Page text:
I should say something about the books. Auster’s book is a tough one to talk about, and I think after organizing this tournament I’ve finally figured out why. Books with hard stops are wonderful, but those stops take energy to get over, and sometimes that energy loss leads to reading and discussion fatigue. Maybe this is why we don’t do well with short story collections, and maybe this is why we struggled to discuss Zadie Smith’s White Teeth last Sunday. Again, this is just a thought, but I think I may be onto something here.
Here’s an excerpt from Tiger’s Wife:
“He sat up, pushed his chair away from the table and rubbed his knees. ‘When men die, they die in fear,’ he said. ‘They take everything they need from you, and as a doctor it is your job to give it, to comfort them, to hold their hand. But children die how they have been living–in hope. They don’t know what’s happening, so they expect nothing, they don’t ask you to hold their hand–but you end up needing them to hold yours. With children, you’re on your own. Do you understand?'”
Enough said. Obreht wins!
This match-up pits our greatest achievement versus our greatest disappointment. It’s hard to say how popular Adichie was to the general public when we read her, four years ago, but it is safe to say her star has risen since. If you have an hour to spend watching pure genius, check out her TED talk. Time well spent. This is all to say, we didn’t know Adichie when we decided to read her book. We were rewarded with one of the most memorable book experiences of our group. Not only did everyone love the book, but we all seemed to love it in different ways, and for different reasons. This love and disagreement is the stuff that lines the streets in Book Group heaven. (Such a place exists? Right?) Purple Hibiscus is a coming-of-age story that takes place in Nigeria. The best discussion centered around how much empathy (if any) one should have for the novel’s abusive father. It feels right to hate a man who burns his daughters feet when she doesn’t live up to his idea of perfection, but could there also be another way to look at him? Imagine knowing that the world you have brought your child into only offers a path to success for one out of every 1,000 children, and imagine of your child was better than 999 of them? What would you do to push your child to becoming the one in a thousand and not just another of the other 999? Purple Hibiscus could have a subtitle, and it could read, things are more interesting and complicated than you thought.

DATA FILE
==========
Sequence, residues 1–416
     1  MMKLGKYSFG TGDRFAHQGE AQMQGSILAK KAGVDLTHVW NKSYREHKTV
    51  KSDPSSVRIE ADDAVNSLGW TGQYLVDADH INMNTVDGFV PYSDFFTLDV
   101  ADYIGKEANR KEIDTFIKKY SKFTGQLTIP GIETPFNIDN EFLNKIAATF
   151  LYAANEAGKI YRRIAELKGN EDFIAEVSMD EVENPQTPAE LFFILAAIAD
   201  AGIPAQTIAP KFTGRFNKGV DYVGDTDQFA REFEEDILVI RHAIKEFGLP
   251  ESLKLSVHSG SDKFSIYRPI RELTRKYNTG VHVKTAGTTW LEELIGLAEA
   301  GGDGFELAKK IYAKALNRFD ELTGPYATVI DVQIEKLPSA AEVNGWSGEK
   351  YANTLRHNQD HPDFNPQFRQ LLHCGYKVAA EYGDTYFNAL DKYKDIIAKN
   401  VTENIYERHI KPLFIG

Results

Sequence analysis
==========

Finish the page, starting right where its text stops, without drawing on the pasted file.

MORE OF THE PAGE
We read three books for our trilogy of Indian fiction, and boy did we pick the wrong books. Roy’s book is the only one that was deemed even slightly rewarding and enjoyable for our group. I lament our bad choices, and don’t want to beat up on Roy’s book, which is not too bad, really.
In a blow out, Adichie wins!
This ends day two. Day three’s match-ups are as follows:
1. Disgrace by J.M. Coetzee Vs. 8. The Lost Steps by Alejo Carpentier
2. Play It As It Lays by Joan Didion Vs. 7. NW by Zadie Smith
3. The Ravishing of Lol Stein by Marguerite Duras Vs. 6. Invisible Cities by Italo Calvino
4. Holy Terrors by Jean Cocteau Vs. 5. Fathers and Sons by Ivan Turgenev